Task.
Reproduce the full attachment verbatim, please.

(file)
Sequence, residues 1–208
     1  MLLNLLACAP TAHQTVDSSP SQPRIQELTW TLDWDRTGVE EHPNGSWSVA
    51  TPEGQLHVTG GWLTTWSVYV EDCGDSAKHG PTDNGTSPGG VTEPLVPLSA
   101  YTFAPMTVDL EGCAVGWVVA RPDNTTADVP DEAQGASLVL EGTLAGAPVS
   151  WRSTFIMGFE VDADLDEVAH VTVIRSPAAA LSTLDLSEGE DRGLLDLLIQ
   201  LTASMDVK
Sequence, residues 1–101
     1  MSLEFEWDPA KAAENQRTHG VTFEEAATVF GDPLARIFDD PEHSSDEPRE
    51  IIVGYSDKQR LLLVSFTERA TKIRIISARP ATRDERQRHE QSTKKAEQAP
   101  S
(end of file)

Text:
Sequence, residues 1–208
     1  MLLNLLACAP TAHQTVDSSP SQPRIQELTW TLDWDRTGVE EHPNGSWSVA
    51  TPEGQLHVTG GWLTTWSVYV EDCGDSAKHG PTDNGTSPGG VTEPLVPLSA
   101  YTFAPMTVDL EGCAVGWVVA RPDNTTADVP DEAQGASLVL EGTLAGAPVS
   151  WRSTFIMGFE VDADLDEVAH VTVIRSPAAA LSTLDLSEGE DRGLLDLLIQ
   201  LTASMDVK
Sequence, residues 1–101
     1  MSLEFEWDPA KAAENQRTHG VTFEEAATVF GDPLARIFDD PEHSSDEPRE
    51  IIVGYSDKQR LLLVSFTERA TKIRIISARP ATRDERQRHE QSTKKAEQAP
   101  S